Giving Tuesday: Klamath Bird Observatory
For the past four years, the Rogue Valley Messenger has hosted the largest in-person Giving Tuesday event in southern Oregon, an opportunity to mix-and-mingle with local nonprofits. The irony! In a year that organizations and individuals most need support, we are not able to gather.
In the weeks leading up to Giving Tuesday, we will post interviews with local nonprofits—and urge you to give and support.
John Alexander is Executive Director for Klamath Bird Observatory
RVM: There has been a certain amount of talk about people hearing more birds during quarantine – in part, because there is less human traffic out there. Can you talk about any of these silver linings? Is there really a noted bigger presence from birds in southern Oregon during the past several months?
JA: In March and April, more than 90 percent of Americans were under stay-at-home orders, which meant millions of people were spending more time looking out their windows at a backyard, porch, or garden. Media headlines nationwide noted the rising popularity of birdwatching as a social-distancing pastime” (from All About Birds). “Bird-watching is having a moment,” proclaimed CNN. This is good news in this time of uncertainty, because there is a tie between bird watching and good health. It is well recognized that experiencing nature can improve physical health and decrease stress. In fact, listening to bird songs and calls can help improve a person’s mood and focus. KBO manages a regional portal of the Global eBird community science application called eBird Northwest. The app allows bird watchers to enter and track their observations. Recently, “more birdwatching activity translated into a surge in eBird checklists in April, with birders around the world submitting around 50,000 checklists a day” (from All About Birds, www.allaboutbirds.org). Social distancing is likely resulting in a drop in anthropogenic activities as well as a decline in outdoor concentrations of air pollutants associated with emissions from motor vehicles. Will this influence where birds will build nests, forage, and undergo other aspects of their biology? Using eBird Northwest, researchers at the University of Washington are launching a community science program to monitor birds in urban and suburban neighborhoods across the Pacific Northwest while social distancing measures are in place (from eBird Northwest, www.eBird.org/nw).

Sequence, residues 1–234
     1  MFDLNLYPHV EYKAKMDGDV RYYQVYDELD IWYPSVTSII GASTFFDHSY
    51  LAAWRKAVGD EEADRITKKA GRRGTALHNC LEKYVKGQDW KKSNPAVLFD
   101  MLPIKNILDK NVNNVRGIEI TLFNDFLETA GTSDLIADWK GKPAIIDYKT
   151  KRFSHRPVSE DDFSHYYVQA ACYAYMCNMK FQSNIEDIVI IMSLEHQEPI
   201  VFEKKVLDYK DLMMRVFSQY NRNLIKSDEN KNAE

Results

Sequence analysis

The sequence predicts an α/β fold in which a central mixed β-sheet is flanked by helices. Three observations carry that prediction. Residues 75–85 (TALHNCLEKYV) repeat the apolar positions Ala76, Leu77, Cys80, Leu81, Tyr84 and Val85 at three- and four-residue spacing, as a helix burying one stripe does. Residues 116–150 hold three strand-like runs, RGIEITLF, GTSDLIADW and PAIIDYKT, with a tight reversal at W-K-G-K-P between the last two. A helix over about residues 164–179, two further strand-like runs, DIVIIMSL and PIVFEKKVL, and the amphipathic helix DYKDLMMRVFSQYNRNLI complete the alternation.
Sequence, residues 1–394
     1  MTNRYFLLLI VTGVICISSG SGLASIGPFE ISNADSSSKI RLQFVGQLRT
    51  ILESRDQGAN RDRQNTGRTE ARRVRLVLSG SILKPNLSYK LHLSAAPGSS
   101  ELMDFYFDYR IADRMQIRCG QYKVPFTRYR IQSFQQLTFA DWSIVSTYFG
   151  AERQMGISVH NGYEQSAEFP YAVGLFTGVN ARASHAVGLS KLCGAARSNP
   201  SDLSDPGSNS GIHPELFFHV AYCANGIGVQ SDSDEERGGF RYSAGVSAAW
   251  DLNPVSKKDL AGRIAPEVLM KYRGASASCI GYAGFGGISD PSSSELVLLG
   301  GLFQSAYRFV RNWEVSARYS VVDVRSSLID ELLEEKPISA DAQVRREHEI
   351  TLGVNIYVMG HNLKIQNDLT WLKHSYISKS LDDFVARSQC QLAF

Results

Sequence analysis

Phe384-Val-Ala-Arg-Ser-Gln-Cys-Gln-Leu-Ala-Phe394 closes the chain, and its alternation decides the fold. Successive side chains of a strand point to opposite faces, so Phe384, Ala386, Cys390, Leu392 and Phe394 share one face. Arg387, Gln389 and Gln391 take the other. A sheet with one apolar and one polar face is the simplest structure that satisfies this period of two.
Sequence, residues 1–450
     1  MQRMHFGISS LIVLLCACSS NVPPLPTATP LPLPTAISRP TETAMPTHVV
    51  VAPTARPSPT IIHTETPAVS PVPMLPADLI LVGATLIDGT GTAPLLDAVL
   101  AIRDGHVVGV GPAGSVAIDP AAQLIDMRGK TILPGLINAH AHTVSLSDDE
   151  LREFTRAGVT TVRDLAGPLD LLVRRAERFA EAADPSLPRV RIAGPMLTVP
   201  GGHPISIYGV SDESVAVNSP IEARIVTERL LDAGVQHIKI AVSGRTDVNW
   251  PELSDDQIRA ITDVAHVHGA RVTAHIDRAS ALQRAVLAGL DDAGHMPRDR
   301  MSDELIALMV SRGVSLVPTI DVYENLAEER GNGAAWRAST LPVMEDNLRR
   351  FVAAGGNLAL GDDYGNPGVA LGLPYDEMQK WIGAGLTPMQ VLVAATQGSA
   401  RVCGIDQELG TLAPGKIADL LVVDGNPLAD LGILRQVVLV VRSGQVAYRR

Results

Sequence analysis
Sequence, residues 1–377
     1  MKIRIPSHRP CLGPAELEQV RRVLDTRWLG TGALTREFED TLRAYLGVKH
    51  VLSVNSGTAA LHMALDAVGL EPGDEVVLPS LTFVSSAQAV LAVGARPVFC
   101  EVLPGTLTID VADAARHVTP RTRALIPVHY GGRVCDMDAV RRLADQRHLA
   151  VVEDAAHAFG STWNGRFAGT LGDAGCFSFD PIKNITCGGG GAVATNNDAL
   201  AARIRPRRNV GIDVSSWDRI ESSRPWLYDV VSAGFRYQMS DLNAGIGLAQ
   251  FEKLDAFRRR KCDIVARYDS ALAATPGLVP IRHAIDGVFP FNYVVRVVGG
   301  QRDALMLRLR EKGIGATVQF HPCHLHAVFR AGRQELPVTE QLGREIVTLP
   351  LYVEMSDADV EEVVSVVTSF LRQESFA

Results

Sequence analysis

RVM: Much of your work is “field” work. Has COVID affected what Klamath Bird Observatory is doing?
JA: As the Covid Pandemic introduced many challenges into all our lives, KBO adapted to the novel circumstances. Keeping the safety of our staff, partners, and the rural communities where we work as our priory, for the first time in nearly 30 years we canceled the majority of our field season, however we were not idle with our time. Our staff diligently worked from their homes, implementing some key nearby field studies, publishing a handful of conservation-relevant papers, producing several new strategic conservation planning documents, and engaging with partners through many hours of video conferencing, to ensure our science keeps informing and advancing conservation decision making and action. As we kept our heads down and focused on the core of our science-driven mission, we missed regular engagement with our community of supporters. In what sometimes felt to us like isolation, as we know it did for many of you as well, we stepped back from having fundraising events, and even sending our regular spring membership appeal, with the intention of offering our supporting community a chance to adapt and self-care as the pandemic hit. However, as the virus rages on, we are now reaching out through innovative outreach fueled by our new website, ventures into Covid-safe community education programming, and with an end-of-year appeal asking for financial support (www.KlamathBird.org/product/end-of-year-donation/).